Moving on after divorce is difficult, especially when you have children. I’ve pretended to be open to a relationship and blamed my lack of a new relationship on a lack of suitable men. However, I had to admit to myself that the real reason that I’m alone is because I’m too scared not to be. Here’s my story about how my seven-year-old son gave me permission – and a gentle push.
What I Learned About Moving on After Divorce When You Have Children
“Mom, I think you need to marry again.” James told me this with an innocent nonchalance as I sat down on the couch for the first time all day.
“What do you mean, bud?” I asked, genuinely curious.
“Well, I think you’re tired a lot because you’re alone and you need to marry so you can have help with us,” he explained so sweetly.
“Oh, honey, that is really sweet of you to notice that mom is tired. If I ever get married again, it really won’t be so I can have help with you, though. If I got married again, then it would be so that another adult could spend energy giving me love. Right now, I spend all my energy loving you and no adult spends energy loving me.” I tried to choose words my old-souled seven-year-old could consume.
“Well, okay, mom. Let’s do that then,” he said, completely matter of fact. He was ready. In his mind, this task seemed easy enough: find someone to love mom, check. Easy as pie.
I chuckled. “Well babe, if I found someone to love me, they would want to sleep with me at night and wouldn’t you and your brothers be bummed out if you couldn’t take turns sleeping with me anymore?”
I thought this point would be a sure way to make him repulsed by the idea of mom being loved. After all, this is my son who gets embarrassed when he sees me naked and who hides his eyes from kissing scenes and the like.
He looked at me deep in thought for a few breaths, then replied, “Welp, I guess that’s just something we’d have to get used to, then.” He shrugged and wandered off. Conversation over.
My Boys Only Know Me As Single
I have been single basically for as long as any of my sons can remember. Phil and I separated when David was only two. I recently mentioned in conversation something about ‘when dad lived here’ and David stopped me mid-sentence.
“Wait, my Dad lived here?” David was entirely serious. He has no recollection whatsoever of a time where mom and dad shared their home.
James was five when Phil moved out. He was three when our marriage hit the wall. Gabriel was seven, five when it hit the wall. These kids really have no memories of a time where they were witnessing their mother in a loving, happy relationship. Phil and I had a respectful partnership. One that revolved entirely around our kids. We didn’t share much tenderness, at least it was so rare that our children didn’t witness it. We didn’t share much intimacy, at least not in the way that our kids could notice.
As I contemplated my son’s observations about what I might need, I found myself realizing that my sons have never witnessed their mother in a loving relationship. They’ve never seen me being cherished or adored or delighted in. They’ve never seen a man express his passion for or attraction to me.
They only know what their mother is like alone.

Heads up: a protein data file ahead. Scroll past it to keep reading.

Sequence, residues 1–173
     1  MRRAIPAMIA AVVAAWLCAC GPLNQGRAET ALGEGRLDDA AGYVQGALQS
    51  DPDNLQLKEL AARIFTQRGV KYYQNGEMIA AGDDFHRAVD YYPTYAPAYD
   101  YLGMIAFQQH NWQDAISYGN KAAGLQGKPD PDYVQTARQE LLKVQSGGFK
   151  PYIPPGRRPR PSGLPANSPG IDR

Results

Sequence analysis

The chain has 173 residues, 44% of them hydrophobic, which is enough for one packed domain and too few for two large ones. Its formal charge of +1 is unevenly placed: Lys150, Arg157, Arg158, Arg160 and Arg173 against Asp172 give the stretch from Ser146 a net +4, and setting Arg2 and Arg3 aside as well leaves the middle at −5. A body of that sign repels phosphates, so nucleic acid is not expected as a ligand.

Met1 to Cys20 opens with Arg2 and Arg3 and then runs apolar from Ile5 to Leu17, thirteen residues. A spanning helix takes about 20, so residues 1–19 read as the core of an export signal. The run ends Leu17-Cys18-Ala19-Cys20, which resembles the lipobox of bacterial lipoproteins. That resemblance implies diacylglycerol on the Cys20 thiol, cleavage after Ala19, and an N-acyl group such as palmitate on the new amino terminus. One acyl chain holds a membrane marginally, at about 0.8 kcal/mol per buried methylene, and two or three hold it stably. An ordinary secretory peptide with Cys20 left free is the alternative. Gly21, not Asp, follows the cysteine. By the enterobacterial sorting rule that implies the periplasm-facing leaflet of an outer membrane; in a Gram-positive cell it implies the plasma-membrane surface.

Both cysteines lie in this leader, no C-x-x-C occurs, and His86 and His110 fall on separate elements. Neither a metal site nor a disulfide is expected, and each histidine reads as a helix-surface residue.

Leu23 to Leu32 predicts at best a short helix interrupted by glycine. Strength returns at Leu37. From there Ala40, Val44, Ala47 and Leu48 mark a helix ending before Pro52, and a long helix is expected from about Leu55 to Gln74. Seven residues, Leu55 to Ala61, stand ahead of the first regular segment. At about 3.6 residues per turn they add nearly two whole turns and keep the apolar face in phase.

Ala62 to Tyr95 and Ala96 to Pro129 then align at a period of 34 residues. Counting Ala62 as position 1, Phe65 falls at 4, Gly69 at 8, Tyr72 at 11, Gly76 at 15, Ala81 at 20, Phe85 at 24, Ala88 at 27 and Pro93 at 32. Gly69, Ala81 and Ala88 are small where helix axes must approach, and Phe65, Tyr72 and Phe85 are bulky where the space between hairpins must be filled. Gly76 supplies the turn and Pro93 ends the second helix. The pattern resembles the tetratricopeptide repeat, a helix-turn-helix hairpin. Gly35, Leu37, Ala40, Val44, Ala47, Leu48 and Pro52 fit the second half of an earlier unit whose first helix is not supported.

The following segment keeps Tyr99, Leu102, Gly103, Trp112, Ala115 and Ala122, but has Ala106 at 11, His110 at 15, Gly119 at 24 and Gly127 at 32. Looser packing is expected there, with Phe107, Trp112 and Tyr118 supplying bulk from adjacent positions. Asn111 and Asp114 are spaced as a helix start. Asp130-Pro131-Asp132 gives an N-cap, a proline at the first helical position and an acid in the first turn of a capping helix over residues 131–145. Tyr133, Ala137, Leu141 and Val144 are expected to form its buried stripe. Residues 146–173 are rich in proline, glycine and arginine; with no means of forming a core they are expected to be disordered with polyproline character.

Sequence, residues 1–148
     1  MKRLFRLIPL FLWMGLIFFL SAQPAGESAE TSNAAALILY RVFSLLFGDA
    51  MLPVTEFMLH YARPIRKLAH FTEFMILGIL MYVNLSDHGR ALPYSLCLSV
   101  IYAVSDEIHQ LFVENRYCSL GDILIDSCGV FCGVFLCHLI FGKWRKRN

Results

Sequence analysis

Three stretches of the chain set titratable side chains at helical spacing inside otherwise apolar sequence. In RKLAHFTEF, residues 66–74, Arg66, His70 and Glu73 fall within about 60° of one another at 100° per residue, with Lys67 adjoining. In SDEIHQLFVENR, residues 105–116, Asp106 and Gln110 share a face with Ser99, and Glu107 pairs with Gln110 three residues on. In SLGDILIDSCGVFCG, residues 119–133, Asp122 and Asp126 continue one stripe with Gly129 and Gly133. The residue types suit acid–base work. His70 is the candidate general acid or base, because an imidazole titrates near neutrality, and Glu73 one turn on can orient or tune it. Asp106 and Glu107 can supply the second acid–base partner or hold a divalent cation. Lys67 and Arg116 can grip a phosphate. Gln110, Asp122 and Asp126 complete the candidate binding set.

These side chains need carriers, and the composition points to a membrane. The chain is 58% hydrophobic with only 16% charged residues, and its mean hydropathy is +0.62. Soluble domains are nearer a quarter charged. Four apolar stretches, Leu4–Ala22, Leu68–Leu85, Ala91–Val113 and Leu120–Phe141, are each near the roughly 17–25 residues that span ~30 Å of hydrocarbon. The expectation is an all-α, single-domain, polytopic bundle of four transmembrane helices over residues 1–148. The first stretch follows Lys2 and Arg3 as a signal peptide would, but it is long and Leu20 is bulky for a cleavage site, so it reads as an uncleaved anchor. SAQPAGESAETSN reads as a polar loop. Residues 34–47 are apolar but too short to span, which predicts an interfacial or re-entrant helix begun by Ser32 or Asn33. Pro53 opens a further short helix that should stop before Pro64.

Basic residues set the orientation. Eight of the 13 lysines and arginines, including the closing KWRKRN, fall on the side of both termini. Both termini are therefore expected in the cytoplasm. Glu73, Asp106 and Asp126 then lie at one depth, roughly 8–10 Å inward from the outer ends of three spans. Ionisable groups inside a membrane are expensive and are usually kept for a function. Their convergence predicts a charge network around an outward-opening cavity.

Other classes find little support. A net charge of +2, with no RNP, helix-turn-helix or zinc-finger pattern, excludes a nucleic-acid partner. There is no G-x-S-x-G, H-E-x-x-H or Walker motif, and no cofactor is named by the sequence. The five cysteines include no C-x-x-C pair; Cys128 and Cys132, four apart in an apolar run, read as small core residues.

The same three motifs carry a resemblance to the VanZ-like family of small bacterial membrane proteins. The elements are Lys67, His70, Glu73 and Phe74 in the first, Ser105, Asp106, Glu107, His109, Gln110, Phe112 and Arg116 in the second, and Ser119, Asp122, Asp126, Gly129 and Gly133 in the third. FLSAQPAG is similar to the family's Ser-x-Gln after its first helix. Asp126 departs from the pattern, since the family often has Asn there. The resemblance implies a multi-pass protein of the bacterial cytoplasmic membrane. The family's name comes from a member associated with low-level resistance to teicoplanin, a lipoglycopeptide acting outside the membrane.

When Moving on After Divorce, Timing is Everything
James sharing his thoughts would have caught my attention anytime; the moment that he said this, however, was particularly unique timing. Perhaps a week before this conversation, I had unexpectedly reconnected with a man I had dated a few times. I didn’t (and don’t) know where that relationship is going but I did know that I was feeling things I hadn’t felt in a very long time.
A Warning and a Permission
I decided to recognize James’s comment as both a warning sign and a permission slip.
The warning was that my son is going to assume that anyone who comes around is here to stay. I mention love and he says “marry”. James and presumably his brothers, will likely take anyone who shows up in their world as a fixture. I need to tread carefully and be sure to pace how much of my dating life is shared with my kids.
The permission slip was that my son, completely on his own, had recognized a loneliness in his mother that he felt should be solved. He innately understands there is an open space in our life that could be filled with another man. This was my sign that my kids are okay and that I have permission to open myself up to love. They have space for me to be loved by another – which means I have the space, too.
Accepting that I Have Needs, Too
This moment was quite meaningful to me. I have been very aware for the past few years that I have ignored my need for companionship and affection. It has been easy for me to do this. It has been safe. Like anyone who has found themselves on the outside of a failed marriage, my fear of being hurt again is palpable. The easiest way to avoid being hurt is to avoid feeling anything at all. I have been glad to keep my life simple (and safe) since my marriage ended. I’ve pretended to be open to a relationship and complained that no suitable men had come around. The real reason is that I’m alone because I’m too scared not to be.
In that moment, aware that my heart was already beginning to melt whether I wanted it to or not, I decided it was time to embrace the fact that I have needs of my own. Moving on after divorce isn’t easy, but it can be done. I realized it was time for me to step forward into the unknown, trust myself, trust my kids, and trust the process.